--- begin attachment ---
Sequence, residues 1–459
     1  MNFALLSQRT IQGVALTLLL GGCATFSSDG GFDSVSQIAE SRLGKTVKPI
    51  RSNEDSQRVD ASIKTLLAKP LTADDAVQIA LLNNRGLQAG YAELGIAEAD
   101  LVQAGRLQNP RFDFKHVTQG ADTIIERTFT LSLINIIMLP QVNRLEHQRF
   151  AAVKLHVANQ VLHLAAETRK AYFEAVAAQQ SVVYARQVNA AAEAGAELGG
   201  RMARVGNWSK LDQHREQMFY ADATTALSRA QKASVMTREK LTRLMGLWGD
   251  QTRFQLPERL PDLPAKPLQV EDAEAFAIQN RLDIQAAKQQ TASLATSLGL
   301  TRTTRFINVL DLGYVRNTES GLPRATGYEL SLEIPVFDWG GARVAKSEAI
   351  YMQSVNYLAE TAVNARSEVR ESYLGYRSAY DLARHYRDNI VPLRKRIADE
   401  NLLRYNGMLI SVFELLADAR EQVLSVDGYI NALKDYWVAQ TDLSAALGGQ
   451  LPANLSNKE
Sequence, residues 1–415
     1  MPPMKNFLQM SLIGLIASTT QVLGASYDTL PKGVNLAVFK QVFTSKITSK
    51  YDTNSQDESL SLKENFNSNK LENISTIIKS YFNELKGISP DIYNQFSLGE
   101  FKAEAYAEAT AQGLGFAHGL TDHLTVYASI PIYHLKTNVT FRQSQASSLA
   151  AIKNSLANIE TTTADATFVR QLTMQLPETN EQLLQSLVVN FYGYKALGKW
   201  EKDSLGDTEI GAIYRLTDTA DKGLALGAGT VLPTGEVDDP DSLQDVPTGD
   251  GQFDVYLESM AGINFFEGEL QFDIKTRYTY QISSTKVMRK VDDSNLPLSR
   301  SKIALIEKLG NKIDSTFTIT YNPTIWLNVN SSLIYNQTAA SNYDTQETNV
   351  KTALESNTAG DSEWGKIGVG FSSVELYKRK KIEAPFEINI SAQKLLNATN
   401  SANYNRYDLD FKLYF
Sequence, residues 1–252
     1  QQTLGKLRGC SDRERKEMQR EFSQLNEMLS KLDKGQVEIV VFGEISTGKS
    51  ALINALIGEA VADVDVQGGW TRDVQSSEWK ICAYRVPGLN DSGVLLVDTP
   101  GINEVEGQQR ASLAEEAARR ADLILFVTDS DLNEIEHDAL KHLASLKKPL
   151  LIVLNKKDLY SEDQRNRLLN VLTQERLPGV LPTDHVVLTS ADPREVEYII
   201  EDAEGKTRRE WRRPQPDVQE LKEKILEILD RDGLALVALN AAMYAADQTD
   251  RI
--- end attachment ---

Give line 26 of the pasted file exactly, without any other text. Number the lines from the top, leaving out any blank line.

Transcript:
   151  LIVLNKKDLY SEDQRNRLLN VLTQERLPGV LPTDHVVLTS ADPREVEYII